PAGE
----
The Monster TV Face Off Pioneer SD-643HD5
The SD-643HD5 is one of Pioneer's least expensive displays. Only the 53-inch model requires fewer dollars (or less credit, as the case may be). Yet, at $5,300, the Pioneer set is the most expensive display in our Face Off, so it was with much protest that we allowed it to participate. The price cap was supposed to be $5,000, and that was only because the Sony display included an HDTV tuner. Most of the other displays came in around $3,500 to $4,000. The Pioneer set doesn't even include a digital tuner; if it did, that would bump the cost even higher. Then again, I found the set at some local retailers for $4,000.
Add a line item for an A/V receiver or external switcher to that budget, as the SD-643HD5 has a limited input panel. The back-panel arrangement is odd: Many of the connectors, which are shared for particular inputs, are spread out all over the place. Fortunately, the remote control offers direct access to each of these inputs. The remote's buttons are arranged better and glow in the dark, which is nice, but the remote is big, square, and not incredibly comfortable. The onscreen menu is equally clunky, with big, blocky graphics, but it gets the job done easily and effectively.
Considering its lack of input flexibility, the Pioneer set certainly offers numerous picture adjustments. In addition to the regular controls, you can change the color-decoder and DC-restoration accuracy and even disable the SVM. This will produce an enhanced image that will seem bright and punchy during the day and yet still create a more-naturally hued image with better black-level stability and more real image detail when watching movies.
These functions, combined with a reasonably accurate factory color-temperature setting, helped propel the Pioneer to the top of the heap in the Face Off. In fact, the Pioneer was carried from the first round to the last, winning out over the competition in each round. Adrienne liked the set's more-accurate black level, while Big Papa favored the excellent internal line doubler. This was the only set that made a noticeable impact on the Video Essentials 3:2 zone-plate test. The TV almost eliminated the 3:2-pulldown-induced artifacts that were very noticeable on some of the other displays. Only some minor scaling artifacts seemed to persist. Mr. HD liked the Pioneer's HD image and felt that the display had great colorimetry (i.e., accurate colors), as compared with the reference monitor. He had a slight preference for the Hitachi set in the second round but went with the Pioneer in the end. While the Kid cast his final vote for the Toshiba display's slightly sharper picture, C Dogg summed it up best when she said that this TV just did really well in every aspect of performance.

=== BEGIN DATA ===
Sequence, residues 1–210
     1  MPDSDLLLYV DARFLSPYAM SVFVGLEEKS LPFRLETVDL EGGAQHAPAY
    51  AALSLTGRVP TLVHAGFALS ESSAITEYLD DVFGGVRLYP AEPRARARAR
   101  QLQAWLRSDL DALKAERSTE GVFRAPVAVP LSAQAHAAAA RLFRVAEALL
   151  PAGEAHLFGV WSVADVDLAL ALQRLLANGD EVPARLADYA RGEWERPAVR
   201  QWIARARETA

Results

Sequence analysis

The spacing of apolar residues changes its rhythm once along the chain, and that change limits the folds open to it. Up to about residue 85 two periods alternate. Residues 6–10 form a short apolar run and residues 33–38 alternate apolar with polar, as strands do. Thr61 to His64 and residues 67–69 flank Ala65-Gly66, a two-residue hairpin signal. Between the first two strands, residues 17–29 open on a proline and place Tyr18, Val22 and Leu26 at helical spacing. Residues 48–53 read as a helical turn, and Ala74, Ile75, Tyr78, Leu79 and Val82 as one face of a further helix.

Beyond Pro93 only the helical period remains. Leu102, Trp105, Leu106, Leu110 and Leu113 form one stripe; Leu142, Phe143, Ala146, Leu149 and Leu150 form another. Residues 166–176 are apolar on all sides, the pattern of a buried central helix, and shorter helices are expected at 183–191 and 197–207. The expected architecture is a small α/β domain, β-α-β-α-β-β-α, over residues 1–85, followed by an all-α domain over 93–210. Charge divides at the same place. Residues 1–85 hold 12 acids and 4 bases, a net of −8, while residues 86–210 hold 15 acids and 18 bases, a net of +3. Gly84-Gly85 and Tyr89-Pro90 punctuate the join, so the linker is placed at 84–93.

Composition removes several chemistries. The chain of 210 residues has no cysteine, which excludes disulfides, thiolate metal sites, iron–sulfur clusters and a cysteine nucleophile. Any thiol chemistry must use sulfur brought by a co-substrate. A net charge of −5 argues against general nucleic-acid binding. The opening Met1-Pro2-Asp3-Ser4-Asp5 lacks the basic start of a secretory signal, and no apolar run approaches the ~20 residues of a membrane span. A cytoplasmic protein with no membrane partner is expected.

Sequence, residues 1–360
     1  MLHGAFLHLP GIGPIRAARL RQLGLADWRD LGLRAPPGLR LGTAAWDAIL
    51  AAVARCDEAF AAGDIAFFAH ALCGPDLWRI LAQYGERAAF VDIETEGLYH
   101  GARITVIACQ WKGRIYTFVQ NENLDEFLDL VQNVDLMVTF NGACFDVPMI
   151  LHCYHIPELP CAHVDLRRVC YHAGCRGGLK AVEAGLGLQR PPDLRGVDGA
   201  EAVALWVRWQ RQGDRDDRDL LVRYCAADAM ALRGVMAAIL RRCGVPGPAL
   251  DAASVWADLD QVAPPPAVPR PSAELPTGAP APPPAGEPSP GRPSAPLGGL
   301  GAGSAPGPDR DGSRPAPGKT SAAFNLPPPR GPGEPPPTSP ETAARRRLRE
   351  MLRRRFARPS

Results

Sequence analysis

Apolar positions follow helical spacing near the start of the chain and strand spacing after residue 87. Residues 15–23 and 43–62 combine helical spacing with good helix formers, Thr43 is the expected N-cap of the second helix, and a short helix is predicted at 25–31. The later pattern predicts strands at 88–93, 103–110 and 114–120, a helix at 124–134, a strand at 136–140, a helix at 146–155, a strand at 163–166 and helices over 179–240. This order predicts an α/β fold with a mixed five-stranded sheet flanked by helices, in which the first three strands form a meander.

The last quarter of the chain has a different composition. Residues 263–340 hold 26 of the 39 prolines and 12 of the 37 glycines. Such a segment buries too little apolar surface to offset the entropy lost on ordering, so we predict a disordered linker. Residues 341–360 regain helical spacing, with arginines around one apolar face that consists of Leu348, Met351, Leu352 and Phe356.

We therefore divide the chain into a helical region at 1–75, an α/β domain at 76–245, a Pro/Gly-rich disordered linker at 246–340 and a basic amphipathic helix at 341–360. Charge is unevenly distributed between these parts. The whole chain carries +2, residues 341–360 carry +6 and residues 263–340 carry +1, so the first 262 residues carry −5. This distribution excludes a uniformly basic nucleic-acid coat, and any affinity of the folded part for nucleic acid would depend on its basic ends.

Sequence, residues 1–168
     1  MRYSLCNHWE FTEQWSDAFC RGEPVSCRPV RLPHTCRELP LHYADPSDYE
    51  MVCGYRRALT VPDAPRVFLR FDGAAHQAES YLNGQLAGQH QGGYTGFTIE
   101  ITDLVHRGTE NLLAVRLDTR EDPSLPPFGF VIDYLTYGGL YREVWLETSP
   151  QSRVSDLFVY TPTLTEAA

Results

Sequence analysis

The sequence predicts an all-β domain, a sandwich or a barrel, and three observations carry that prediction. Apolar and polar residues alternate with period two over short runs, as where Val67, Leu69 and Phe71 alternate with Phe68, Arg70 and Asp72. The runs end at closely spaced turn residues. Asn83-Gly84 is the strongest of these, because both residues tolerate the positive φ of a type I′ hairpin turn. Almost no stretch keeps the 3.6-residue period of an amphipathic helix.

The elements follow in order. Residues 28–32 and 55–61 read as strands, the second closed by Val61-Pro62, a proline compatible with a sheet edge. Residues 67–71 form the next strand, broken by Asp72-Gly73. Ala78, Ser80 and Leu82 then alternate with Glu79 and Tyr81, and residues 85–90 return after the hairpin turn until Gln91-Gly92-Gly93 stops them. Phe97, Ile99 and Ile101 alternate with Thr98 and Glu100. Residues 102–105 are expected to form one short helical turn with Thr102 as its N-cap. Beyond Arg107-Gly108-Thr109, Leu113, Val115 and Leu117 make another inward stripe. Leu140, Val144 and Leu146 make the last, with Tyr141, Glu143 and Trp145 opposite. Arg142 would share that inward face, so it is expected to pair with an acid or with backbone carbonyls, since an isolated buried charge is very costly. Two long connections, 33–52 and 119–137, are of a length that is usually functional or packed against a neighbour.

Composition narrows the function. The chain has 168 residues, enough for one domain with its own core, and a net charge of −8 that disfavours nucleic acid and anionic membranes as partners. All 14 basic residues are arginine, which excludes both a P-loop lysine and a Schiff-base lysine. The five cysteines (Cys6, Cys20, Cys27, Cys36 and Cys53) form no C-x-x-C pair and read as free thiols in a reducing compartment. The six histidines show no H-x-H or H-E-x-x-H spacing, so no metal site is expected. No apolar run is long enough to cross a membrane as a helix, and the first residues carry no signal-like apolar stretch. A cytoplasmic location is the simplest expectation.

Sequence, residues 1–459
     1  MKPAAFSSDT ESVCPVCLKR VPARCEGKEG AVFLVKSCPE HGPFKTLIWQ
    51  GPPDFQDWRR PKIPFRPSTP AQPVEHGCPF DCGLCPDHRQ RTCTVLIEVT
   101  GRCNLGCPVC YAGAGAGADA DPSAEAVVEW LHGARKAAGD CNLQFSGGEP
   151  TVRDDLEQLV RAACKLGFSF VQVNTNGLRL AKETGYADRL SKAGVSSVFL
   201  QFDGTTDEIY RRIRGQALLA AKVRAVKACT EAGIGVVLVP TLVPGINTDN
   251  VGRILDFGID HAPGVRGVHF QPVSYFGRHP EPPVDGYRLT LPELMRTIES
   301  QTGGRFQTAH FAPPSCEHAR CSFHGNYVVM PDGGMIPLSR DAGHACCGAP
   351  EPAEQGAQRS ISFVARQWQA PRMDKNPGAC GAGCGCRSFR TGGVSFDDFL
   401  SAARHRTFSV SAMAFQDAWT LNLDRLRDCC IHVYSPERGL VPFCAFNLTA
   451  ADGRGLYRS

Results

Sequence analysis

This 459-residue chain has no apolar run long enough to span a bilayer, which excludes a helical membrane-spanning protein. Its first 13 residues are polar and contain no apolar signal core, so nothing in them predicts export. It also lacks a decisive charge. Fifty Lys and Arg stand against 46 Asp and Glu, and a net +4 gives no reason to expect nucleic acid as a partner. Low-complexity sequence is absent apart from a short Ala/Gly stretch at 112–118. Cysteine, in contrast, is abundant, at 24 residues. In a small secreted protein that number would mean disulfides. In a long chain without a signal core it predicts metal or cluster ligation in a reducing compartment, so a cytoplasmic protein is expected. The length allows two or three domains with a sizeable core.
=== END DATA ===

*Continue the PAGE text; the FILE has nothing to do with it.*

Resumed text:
Most of the judging panel agreed that the final round, in which the Pioneer competed against displays from Toshiba, Sharp, and Zenith, was the toughest and that choosing the Pioneer as a winner wasn't necessarily easy. Nearly everyone did pick it, though, and with good reason. It has a great picture. It's certainly worth noting that some of the other displays may be nearly as good for less money or may offer more upgrade options in the future. However, if you're looking for a great picture that works with current technology and can find the set at a good price, the SD-643HD5 is hard to beat.—MW
SD-643HD5 HD Monitor $5,300
Dealer Locator Code PIO
HT Labs Measures:Pioneer HD Monitor
The top chart shows the gray scale of the Pioneer HD monitor as set by the manufacturer, in the most accurate menu setting possible. The set measures around 7,500 Kelvin with dark images and leans to an accurate 6,500 K with brighter images. After making adjustments using the Photo Research PR-650, the gray scale measures within 150 K of D6500, the accurate setting, across the entire range. The bottom chart shows that the primary colors of the display's CRTs are excellent, matching those specified by SMPTE. This means that the display will reproduce all of the colors available in the system. The gray scale, shown in the middle of the triangle, goes from tinting the image slightly red before calibration to being very accurate (the middle red dots) afterward. The light output was approximately 30 foot-lamberts with a white window and about 29 ft-L afterwards, which means the set has a good power supply. The display has decent DC restoration: Dark portions of the image get slightly darker as the image gets brighter. Both scan velocity modulation and color-decoder accuracy can be adjusted, with good results, from the user menu. The TV displays at least 450 horizontal lines (per picture height) with NTSC sources, as measured using the resolution pattern from the Ovation Avia test DVD played on a Sony CDP-650D DVD player.—MW/GM